Thursday, July 16, 2009

Burger Trial I: The Grind

Here is my delayed account of my first self ground burger experiment. Well, at least the first one using the actual grinder attachment on my Kitchenaid mixer. I've done it before pulsing the meat a few times in the food processor, which, I have to admit, works surprisingly well, but surely is not optimal. And since we're going for perfection, I'm stepping it up. First, the blend ingredients:
  • 2 parts lamb shoulder
  • 2 parts beef chuck steak
  • 1 part beef short rib
  • salt
The variable in this trial is the grind method. There are two dies for the grinder, fine and course. I tried three different methods:
  • grind only once through coarse die
  • grind twice with coarse die
  • grind once coarse followed by once fine
And, after forming (very loosely, handling as little as possible) the patties:

The progression from coarsest to finest goes clockwise starting with the one at the left. And after getting the coals ripping hot and raising them as close as possible to the grate, and a mere 2-3 minutes a side:

And upon closer inspection:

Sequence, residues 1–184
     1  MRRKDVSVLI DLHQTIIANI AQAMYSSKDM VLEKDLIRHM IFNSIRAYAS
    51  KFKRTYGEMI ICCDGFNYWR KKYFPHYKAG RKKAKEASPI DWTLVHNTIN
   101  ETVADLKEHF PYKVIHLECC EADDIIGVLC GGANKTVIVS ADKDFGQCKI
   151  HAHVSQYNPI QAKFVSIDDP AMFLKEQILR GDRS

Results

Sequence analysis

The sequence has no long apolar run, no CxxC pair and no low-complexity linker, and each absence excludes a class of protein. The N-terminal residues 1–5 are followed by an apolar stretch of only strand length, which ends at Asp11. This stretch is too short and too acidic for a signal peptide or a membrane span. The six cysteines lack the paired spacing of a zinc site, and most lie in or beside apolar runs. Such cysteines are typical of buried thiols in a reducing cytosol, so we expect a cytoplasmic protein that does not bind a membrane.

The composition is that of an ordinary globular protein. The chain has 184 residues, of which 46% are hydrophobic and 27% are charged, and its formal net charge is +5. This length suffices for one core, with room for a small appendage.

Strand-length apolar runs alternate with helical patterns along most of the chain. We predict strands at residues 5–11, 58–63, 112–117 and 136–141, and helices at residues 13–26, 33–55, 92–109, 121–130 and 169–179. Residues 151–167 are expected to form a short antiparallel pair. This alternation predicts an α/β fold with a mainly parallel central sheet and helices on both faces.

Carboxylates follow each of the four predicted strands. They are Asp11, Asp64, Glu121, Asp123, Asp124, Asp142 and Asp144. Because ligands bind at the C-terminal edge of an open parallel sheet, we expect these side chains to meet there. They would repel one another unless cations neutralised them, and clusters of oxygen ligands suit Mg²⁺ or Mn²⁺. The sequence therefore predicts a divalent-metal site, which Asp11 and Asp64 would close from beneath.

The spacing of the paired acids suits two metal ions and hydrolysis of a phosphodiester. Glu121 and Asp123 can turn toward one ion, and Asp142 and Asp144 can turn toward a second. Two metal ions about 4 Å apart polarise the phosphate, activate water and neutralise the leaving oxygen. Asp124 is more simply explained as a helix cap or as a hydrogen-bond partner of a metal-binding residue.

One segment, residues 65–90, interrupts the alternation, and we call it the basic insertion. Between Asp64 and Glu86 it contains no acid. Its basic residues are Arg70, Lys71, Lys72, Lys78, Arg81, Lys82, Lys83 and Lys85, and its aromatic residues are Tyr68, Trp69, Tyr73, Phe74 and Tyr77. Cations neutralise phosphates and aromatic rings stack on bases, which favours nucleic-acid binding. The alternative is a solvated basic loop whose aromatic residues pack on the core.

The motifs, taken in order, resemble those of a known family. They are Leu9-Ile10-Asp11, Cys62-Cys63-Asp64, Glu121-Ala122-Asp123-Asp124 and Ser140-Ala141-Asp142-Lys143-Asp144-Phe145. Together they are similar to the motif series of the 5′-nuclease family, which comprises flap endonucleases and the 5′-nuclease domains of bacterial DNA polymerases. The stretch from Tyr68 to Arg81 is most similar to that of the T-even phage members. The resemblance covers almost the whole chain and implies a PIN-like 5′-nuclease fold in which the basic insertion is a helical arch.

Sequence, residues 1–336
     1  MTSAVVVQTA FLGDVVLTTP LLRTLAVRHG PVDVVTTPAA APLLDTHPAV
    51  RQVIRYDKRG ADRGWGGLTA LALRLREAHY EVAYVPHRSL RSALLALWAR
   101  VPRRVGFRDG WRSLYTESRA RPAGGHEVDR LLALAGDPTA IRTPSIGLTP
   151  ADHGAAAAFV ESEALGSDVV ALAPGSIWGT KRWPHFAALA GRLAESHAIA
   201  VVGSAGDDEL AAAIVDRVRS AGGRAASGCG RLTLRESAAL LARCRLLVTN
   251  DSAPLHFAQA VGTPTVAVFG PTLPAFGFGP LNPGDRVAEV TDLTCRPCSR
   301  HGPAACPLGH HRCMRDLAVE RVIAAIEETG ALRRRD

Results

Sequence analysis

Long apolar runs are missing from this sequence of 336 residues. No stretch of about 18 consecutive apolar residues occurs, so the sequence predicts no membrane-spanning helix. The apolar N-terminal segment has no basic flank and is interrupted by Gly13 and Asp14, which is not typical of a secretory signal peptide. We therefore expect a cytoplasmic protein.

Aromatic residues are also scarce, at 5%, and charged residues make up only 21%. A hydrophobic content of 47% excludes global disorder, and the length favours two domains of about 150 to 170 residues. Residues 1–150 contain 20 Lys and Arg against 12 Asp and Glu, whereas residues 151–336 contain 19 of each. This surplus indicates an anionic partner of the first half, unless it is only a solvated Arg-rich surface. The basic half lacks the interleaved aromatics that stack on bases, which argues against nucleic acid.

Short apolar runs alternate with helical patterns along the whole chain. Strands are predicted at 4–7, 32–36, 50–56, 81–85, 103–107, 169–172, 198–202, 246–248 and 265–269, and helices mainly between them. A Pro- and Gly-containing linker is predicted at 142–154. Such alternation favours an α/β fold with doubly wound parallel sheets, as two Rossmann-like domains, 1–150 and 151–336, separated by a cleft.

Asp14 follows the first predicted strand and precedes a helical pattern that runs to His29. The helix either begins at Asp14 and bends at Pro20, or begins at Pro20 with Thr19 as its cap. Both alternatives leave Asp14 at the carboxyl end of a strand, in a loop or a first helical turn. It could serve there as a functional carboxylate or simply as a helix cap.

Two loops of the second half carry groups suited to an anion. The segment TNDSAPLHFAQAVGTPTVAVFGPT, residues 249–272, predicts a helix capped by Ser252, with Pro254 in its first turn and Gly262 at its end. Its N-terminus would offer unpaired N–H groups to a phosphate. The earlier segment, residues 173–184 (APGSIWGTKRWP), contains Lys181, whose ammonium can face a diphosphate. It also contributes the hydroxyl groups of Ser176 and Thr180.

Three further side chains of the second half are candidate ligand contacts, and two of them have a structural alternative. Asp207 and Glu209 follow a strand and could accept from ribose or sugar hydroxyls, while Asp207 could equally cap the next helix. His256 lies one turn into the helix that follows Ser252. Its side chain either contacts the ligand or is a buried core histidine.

I employed minimum condiment in order to make clear the differences in the actual burger. And the results? Inconclusive, they were all awesome. I ate too many burgers that day. It's hard to tell in the picture above, but I think the coarsest is on the right this time, the finest grind on the left. (I knew at the time for sure, but I don't remember now.) The only thing I determined was that the burger that got the fine die treatment was my least favorite, but it was a very close call for all three, and I'd say it would come down to a matter of personal preference. It's texture was, as you'd imagine, smoother and more delicate. But delicate is usually not what I'm going for in a burger. I decided to use the twice coarse ground method going forward, if for no other reason than it's easier to distribute the salt since I salted between grinds, an option I obviously don't have with the once ground meat. Presumably two grinds also mixes the component ingredients better, but I didn't notice a problem with the once ground burger. In any case, I loved all three, and went back for seconds of all three. They all are sufficiently tasty to my mind that I wouldn't mind having two types just for the sake of variety at a meal, but the differences were not as detectable as I would have guessed a priori. Perhaps the lesson is you can't go wrong when you grind your own?

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